It's in their singing, of course, that the contrasts between the two men achieve their clearest and most significant expression. Though Crosby's and Sinatra's vocal styles underwent significant changes, in their most characteristic phases they convey fundamentally different attitudes toward life and art. Beginning in the late '30s, Crosby sings in a smooth, warm baritone with a relatively narrow dynamic range. His strongest, most distinctive notes are in the low register and convey a kind of comfortable repose that puts the listener wholly at ease. It's hard to describe the almost visceral pleasure that Crosby's bottom notes give, but I suspect it has something in common with a sleepy child's feeling of total security in the arms of a parent; indeed, many Crosby songs resemble lullabies. By comparison, Sinatra's singing leads us through extremes of exhilaration and despondency, exposing the essential turbulence of human emotion. From the early '50s, when he entered his mature phase, Sinatra's singing style employs both subtle and dramatic shifts of timbre, tone, and dynamics to capture the endless fluctuations of the heart. Where Crosby's singing is invariably relaxed, Sinatra's often shows signs of strain and effort, which also serves to enhance the dramatic power of his performances. Unlike Crosby's, his strongest, most affecting notes are in the upper register, suggesting risk, vulnerability, the possibility of cracking or losing control. While both singers make skillful use of grace notes, their emotional implications are again quite different. Crosby's signature embellishment is an upper mordent, in which his voice quickly jumps from a primary melody note to the one above it and back. This minimal melisma, while hardly flashy, creates a sense of easy mastery; Bing can leave his note for a moment, secure in the knowledge that it will be there when he gets back. Sinatra's ornamental trademark is a downward portamento; he often begins a new word on the same note as the previous syllable, then slides down to the pitch assigned to it by the melody. Though the effect of this device varies widely with the mood of the song, in melancholy ballads it often suggests a fading of hope or darkening of spirit, sounding less like a bit of jaunty musical showmanship than an involuntary mannerism. Crosby's most parodied vocal trick, his "buh buh buh boo" style of scatting, occurs only in his early recordings, but it too suggests an essential nonchalance, a loose-lipped articulation that stands in contrast to Sinatra's crisp, almost violent, plosives and dentals. Most telling of all, perhaps, is Crosby's penchant for including whistling interludes in his records. Granted that he was an unusually good whistler, these passages reinforce our impression of Bing as an easygoing loafer rather than a man of strong feelings. Needless to say, Sinatra never whistles.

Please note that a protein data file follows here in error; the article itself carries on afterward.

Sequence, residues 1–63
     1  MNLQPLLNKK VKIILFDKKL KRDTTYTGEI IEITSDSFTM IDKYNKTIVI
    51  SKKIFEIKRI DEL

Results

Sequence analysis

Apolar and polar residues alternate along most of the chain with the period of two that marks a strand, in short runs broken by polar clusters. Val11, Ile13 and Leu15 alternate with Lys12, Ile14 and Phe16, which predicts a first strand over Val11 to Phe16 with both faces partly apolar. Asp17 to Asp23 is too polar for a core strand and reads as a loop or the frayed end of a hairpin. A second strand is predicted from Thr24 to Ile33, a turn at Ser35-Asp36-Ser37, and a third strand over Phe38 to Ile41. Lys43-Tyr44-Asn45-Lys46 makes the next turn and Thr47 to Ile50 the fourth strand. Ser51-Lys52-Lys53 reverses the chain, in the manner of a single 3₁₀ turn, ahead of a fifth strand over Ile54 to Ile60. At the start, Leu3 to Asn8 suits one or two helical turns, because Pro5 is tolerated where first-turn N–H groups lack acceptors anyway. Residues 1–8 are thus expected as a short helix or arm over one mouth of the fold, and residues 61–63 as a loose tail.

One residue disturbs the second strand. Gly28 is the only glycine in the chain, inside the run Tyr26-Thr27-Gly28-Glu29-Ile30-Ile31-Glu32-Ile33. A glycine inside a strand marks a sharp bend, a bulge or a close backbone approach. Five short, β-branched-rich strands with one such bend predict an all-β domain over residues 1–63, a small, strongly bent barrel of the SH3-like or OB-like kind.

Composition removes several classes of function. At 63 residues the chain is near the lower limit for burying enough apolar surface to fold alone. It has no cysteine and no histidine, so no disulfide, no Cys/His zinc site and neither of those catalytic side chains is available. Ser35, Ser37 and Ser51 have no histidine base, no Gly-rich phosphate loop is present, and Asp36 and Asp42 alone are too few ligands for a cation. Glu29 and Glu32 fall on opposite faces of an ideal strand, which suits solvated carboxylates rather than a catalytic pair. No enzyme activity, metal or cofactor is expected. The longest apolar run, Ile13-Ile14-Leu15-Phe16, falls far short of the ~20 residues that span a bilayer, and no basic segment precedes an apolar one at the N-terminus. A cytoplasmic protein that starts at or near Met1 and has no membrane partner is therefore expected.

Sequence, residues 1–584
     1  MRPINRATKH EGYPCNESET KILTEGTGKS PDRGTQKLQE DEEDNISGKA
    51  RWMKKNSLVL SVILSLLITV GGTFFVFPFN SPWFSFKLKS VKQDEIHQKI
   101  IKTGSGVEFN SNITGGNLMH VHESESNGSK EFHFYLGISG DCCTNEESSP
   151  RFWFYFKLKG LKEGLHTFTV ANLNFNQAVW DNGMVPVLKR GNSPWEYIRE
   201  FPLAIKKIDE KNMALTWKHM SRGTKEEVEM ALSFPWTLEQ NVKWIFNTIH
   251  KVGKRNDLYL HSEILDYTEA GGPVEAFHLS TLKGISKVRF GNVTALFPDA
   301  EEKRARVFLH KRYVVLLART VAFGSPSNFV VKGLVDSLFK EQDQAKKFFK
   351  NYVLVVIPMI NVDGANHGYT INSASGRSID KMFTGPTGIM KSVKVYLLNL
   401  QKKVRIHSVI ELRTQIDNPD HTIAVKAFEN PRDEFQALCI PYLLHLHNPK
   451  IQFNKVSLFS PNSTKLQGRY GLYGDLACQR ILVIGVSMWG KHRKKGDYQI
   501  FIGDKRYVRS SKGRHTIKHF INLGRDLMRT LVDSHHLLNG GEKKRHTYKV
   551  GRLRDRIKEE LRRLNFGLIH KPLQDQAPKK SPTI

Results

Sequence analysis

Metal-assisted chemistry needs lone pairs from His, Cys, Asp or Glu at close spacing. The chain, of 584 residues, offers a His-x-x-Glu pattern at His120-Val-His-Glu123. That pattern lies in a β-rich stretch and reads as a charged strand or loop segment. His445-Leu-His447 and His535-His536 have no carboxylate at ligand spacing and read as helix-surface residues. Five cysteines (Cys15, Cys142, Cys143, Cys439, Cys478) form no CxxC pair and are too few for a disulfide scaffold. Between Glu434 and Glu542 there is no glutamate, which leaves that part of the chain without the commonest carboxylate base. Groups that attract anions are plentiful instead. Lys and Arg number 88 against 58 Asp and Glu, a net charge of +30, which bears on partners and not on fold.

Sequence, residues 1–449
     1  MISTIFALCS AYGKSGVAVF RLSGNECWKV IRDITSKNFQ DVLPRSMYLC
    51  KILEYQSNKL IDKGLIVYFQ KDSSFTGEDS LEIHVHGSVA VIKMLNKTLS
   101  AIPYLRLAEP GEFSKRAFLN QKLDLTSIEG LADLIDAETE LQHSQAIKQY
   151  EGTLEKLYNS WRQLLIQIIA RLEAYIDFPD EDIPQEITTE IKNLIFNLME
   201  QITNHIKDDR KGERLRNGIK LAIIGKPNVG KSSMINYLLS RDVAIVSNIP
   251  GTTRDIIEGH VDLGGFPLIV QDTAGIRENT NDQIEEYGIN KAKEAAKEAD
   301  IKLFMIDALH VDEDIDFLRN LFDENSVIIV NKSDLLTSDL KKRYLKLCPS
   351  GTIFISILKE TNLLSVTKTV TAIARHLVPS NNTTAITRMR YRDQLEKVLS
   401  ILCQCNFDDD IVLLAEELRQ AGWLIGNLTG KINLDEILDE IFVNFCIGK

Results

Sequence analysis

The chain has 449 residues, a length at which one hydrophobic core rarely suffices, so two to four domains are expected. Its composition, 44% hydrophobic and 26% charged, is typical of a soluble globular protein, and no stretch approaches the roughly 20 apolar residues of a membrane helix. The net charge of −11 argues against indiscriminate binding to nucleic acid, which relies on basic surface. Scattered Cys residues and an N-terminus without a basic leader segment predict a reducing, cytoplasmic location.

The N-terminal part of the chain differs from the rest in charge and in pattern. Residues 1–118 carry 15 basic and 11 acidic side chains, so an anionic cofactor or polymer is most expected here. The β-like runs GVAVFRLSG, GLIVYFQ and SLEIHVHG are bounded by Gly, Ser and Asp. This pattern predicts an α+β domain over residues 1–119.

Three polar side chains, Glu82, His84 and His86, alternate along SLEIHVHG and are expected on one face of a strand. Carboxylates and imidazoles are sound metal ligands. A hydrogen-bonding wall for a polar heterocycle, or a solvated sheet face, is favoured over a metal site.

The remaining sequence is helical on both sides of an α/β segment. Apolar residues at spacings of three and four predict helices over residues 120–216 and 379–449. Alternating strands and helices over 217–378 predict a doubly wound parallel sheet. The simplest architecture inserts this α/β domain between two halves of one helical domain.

It could be said that the two singers' styles evolved in opposite directions. Crosby's recordings of the early '30s are at times surprisingly jazzy in their improvisational freedom, at others deeply expressive in their use of vibrato, glissandi, and other devices. Plaintive ballads like "Please," "I Surrender, Dear," and "Just One More Chance" and wistful Depression anthems like "Pennies from Heaven," "Street of Dreams," and "Brother Can You Spare a Dime" display a dramatic intensity that essentially disappears from Crosby's later singing. One factor in this change is the spontaneous remission of the vocal nodes that gave Crosby's early singing its distinctively husky sound. The smoothing out of his timbre that resulted may have allowed Crosby to develop the less quirky, more "universal" sound that would make him the most beloved singer of his time. Another factor is Crosby's association in 1934 with Decca Records and, more specifically, with the producer Jack Kapp, who in Gary Giddins's words "hoped to remake him as a smoother, less mannered, ultimately less expressive singer, a kind of musical comfort food." As Giddins points out, this transformation was crucial to Crosby's popularity and longevity as a star, yet it did not come without its costs: